Anne Saxelby had what she calls an “aha moment” a couple of years ago when she drove upstate to try the cultured butter made by Evans Farmhouse Creamery in
Chenango County. Ms. Saxelby, who owns Saxelby Cheesemongers in Manhattan, said that for all the butter she had eaten in her life, “I had really never had butter before — this is butter.”
More and more people across the country are being treated to the same aha experience as they find a burgeoning variety of fresh dairy products made in small batches on little farms and in small creameries. And it’s worth the extra money.
These artisanal operations are turning cow, goat or sheep milk into simple, straightforward foods like crème fraîche, butter, buttermilk, ice cream, puddings, custards, yogurt, yogurt-based sauces and yogurt drinks. Many of these dairies also sell unhomogenized, and in a few cases even unpasteurized, milk with an old-fashioned farmhouse flavor.
. . . Chalk it up to a lucky confluence of events. Most small dairy farmers cannot keep afloat selling milk to large processors at commodity prices, so those who are trying to survive are looking for alternatives. At the same time there is an increasingly sophisticated public that appreciates the difference between mass-produced dumbed-down food and the handiwork of a small dairy that has learned to produce exceptional butter or yogurt or ice cream by doing it the way it was done before World War II, when there was a creamery in every town.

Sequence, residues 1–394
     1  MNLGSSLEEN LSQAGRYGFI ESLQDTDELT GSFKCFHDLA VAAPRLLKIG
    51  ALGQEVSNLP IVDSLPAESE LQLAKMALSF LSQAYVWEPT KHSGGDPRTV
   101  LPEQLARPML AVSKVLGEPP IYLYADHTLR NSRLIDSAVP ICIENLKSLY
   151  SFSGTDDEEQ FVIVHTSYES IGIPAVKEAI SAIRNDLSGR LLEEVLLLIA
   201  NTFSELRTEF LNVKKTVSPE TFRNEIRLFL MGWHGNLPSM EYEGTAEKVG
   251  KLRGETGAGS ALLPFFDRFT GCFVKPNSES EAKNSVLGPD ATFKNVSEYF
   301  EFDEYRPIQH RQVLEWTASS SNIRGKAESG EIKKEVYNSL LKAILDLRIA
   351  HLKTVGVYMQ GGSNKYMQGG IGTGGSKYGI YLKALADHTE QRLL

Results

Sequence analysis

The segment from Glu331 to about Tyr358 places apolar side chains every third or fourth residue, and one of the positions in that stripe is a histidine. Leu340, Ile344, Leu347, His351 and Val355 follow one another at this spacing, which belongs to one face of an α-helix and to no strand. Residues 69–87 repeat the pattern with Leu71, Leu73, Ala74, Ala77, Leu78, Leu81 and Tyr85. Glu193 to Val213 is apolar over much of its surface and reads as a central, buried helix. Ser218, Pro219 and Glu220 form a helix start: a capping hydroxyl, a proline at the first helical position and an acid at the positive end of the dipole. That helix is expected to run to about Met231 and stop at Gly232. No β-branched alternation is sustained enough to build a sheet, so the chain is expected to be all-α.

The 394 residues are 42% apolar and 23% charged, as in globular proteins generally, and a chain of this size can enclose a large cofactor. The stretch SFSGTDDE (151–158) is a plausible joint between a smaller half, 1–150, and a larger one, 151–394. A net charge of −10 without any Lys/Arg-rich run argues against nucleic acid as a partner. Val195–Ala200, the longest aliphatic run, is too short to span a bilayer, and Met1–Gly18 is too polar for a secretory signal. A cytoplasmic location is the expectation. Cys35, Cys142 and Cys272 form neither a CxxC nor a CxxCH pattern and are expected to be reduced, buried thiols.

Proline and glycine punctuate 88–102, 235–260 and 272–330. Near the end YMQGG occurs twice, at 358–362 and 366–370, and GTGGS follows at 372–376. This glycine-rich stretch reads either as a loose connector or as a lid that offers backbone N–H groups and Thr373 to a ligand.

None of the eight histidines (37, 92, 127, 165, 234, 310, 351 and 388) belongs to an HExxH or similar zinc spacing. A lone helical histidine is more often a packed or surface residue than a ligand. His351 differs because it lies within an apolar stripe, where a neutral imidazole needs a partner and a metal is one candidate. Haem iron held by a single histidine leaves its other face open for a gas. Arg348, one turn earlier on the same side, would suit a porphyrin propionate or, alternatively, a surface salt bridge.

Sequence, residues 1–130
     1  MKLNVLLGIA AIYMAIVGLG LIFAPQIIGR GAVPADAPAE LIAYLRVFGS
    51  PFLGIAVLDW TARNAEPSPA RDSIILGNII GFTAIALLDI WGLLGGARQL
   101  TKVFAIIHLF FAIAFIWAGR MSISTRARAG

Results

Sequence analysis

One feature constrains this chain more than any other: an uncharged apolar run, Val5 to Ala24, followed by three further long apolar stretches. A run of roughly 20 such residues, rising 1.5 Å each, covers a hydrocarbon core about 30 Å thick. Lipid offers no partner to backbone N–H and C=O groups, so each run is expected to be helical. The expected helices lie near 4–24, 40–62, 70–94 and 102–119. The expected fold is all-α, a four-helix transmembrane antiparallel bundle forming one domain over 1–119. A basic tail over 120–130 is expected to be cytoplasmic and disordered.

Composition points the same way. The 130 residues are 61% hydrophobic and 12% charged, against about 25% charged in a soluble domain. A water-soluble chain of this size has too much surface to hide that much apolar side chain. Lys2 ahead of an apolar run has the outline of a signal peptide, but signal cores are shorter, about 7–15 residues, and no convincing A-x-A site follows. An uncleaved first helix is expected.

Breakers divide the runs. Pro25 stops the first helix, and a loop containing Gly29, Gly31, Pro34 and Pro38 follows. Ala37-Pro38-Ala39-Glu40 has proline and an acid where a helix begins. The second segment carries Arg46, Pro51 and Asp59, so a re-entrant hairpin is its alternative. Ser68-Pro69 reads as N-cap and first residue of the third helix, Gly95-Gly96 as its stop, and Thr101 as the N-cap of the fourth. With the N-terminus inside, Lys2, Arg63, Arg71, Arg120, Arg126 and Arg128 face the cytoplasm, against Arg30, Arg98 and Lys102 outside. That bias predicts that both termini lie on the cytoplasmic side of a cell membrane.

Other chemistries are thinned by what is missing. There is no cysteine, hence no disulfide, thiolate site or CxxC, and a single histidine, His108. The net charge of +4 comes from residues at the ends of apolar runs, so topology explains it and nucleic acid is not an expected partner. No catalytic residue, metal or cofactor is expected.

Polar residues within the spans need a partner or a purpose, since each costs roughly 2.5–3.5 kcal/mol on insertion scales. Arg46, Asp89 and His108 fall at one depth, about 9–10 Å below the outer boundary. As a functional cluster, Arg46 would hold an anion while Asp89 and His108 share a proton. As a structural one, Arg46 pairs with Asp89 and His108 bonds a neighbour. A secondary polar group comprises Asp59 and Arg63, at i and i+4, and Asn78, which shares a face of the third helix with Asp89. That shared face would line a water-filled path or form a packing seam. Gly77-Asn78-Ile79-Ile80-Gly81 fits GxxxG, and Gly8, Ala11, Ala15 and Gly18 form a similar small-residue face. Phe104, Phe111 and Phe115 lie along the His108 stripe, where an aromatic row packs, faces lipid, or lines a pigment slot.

Tuesday, February 26, 2008
Artisanal Dairy Products
It seemed only a matter of time before the concept of boutique wineries and small-batch distilleries would encourage a similar trend among mainstream food producers. The NY Times' Marion Burros reports on the artisanal products that more and more small dairy farms are selling directly to the public: